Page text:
- You know those decorations called indicators on your car, well can you please use them. Whilst most cyclists will try and anticipate what you’re doing it’s not always easy. Why are we so bad at this in this country?
- Please can you not overtake me then immediately turn right, causing me to slam on my breaks to avoid running into you. Nearly went over someone’s bonnet the other day.
- Pulling out from a parking space without indicating, immediately in front of me, is not very polite.
- Opening your car door as I cycle past, whilst causing a bit of excitement and an adrenalin rush, is not something I particularly enjoy. Please look in your wing mirror.
- My personal hate at the moment; using your mobile phone whilst driving, whether it being to text, check Facebook, or speak to your Mum. On a roundabout the other day I witnessed someone smoking a cigarette with one hand, speaking on the phone with the other, and as a result nearly causing 3 accidents. Grrrr. I’m sure waiting a few minutes to finish your journey, or pulling over at the next available opportunity isn’t going to impede your social life too badly, and perhaps it will stop you from flattening someone. There was a brilliant clip I saw today of an advert in a cinema showing someone driving. At the same time the cinema texted everyone watching whereupon they all pulled out their phones to check the message, in the meantime the car crashed – what a brilliant advert; no-one could resist the allure of their mobile.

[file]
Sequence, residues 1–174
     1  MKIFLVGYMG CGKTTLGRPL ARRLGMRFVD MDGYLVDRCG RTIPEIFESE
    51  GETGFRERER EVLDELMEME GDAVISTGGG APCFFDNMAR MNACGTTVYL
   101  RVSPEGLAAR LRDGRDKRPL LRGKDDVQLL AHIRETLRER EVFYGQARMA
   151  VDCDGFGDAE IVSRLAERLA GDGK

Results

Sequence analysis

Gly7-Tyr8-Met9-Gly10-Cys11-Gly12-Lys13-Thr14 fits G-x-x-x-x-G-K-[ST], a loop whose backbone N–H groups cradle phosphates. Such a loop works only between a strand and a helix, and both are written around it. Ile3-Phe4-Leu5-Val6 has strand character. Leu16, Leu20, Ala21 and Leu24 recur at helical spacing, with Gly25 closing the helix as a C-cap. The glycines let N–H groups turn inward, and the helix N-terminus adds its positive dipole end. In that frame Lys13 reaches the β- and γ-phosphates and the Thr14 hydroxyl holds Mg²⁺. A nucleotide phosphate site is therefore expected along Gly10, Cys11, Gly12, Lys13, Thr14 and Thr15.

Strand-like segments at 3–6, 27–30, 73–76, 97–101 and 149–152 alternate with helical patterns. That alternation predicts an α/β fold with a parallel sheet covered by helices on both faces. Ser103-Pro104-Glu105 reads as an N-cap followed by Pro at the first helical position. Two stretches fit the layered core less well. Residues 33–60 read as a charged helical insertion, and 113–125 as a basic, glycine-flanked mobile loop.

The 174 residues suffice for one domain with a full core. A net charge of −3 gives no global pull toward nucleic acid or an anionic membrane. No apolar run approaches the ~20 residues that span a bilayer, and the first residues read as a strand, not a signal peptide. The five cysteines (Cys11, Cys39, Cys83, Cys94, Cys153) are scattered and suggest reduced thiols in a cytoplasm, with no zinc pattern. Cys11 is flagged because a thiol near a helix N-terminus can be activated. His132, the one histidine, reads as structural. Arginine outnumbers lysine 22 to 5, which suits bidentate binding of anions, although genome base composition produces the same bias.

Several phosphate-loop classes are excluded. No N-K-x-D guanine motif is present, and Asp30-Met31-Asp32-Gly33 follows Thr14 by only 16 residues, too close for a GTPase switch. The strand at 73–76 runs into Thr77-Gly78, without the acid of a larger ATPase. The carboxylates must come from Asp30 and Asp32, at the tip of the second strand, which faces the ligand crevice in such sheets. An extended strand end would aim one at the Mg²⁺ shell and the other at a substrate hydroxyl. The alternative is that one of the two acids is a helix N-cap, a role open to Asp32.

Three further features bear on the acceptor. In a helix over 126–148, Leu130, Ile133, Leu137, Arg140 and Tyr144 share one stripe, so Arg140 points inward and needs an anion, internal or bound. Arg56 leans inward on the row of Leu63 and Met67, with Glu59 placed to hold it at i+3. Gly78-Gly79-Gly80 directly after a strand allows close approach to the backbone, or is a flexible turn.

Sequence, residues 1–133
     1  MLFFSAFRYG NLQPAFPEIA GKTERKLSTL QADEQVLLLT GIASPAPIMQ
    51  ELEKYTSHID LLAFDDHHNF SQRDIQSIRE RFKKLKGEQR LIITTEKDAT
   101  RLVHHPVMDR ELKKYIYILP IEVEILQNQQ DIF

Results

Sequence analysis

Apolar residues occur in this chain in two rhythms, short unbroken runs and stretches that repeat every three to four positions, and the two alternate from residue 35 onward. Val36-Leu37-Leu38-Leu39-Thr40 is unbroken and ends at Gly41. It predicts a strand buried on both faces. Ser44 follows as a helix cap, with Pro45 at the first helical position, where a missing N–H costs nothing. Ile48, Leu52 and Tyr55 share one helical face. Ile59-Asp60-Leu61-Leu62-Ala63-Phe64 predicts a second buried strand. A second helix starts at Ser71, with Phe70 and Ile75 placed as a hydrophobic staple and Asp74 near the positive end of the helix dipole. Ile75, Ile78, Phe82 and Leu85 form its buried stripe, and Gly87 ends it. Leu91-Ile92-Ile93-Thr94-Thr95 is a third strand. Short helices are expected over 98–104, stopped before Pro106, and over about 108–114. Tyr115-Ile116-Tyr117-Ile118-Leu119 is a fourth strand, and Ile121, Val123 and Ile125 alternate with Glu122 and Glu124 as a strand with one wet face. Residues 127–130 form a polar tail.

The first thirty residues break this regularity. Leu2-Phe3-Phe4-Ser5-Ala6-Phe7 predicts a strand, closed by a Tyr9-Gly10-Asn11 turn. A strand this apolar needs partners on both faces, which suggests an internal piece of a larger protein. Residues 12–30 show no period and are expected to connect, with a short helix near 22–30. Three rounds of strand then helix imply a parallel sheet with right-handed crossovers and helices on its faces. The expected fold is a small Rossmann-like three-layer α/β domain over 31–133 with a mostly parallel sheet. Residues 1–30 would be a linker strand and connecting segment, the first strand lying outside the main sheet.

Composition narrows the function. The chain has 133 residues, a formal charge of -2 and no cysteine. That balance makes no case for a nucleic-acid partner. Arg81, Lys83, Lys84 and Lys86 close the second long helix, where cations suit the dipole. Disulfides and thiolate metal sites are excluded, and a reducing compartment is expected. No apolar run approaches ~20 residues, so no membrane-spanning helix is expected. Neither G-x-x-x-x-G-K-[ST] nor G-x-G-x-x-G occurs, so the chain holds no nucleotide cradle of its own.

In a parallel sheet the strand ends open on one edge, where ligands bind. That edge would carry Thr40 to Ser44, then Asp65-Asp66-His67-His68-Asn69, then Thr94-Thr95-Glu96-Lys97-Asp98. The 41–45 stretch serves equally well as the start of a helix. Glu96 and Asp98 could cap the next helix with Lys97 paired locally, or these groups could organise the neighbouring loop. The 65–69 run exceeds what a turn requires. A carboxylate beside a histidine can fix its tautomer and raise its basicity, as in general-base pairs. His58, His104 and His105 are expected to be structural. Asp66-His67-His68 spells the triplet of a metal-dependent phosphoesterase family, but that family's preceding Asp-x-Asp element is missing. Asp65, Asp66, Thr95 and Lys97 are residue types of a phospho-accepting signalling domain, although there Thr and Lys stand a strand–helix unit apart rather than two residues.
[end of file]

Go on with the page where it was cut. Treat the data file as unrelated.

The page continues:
- Why do a lot of people dropping off their kids at school think the rules of the road no longer apply, same in car parks? Not safe for your kids let alone a cyclist trying to dodge you.
- In rush hour traffic many cyclists are going to be a lot faster than you. I can generally get to work more quickly on my bike than I would driving. Please don’t make every effort to overtake me then pull in front of me, often then breaking sharply because there a long queue of traffic.
- Don’t get annoyed if a cyclist overtakes a cyclist, pulling out to do so. This is perfectly legal and safe. It’s made unsafe because you can’t bear waiting a few seconds for the manoeuvre to complete.